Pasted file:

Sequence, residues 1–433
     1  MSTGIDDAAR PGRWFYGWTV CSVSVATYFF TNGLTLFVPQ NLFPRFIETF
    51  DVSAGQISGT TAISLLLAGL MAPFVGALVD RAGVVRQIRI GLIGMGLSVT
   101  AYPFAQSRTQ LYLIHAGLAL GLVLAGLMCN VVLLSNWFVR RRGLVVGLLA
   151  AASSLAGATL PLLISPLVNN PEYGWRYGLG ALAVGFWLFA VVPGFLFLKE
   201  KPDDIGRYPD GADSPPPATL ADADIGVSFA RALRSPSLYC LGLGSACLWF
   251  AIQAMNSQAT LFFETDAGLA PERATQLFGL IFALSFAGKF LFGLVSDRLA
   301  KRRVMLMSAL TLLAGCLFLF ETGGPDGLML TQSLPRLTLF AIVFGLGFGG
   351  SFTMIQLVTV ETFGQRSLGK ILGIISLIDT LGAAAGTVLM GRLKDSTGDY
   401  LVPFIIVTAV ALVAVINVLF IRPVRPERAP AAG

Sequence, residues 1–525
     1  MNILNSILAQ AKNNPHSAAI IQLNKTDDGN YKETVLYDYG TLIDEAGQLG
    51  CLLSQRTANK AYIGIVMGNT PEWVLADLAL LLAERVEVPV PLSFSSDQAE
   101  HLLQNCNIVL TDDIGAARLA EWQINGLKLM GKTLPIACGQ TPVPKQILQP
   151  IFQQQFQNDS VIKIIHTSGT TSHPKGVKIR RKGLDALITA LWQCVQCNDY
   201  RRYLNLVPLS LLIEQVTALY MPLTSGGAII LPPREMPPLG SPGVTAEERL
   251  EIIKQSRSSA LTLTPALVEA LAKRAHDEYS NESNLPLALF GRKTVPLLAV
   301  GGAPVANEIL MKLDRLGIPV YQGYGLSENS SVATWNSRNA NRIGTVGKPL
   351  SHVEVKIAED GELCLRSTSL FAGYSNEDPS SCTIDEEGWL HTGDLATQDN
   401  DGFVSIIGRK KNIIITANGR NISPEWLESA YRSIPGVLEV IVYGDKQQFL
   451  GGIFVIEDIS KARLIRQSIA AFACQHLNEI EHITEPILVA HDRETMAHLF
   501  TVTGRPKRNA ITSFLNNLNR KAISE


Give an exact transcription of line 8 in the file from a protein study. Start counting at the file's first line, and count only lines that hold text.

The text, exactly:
   301  KRRVMLMSAL TLLAGCLFLF ETGGPDGLML TQSLPRLTLF AIVFGLGFGG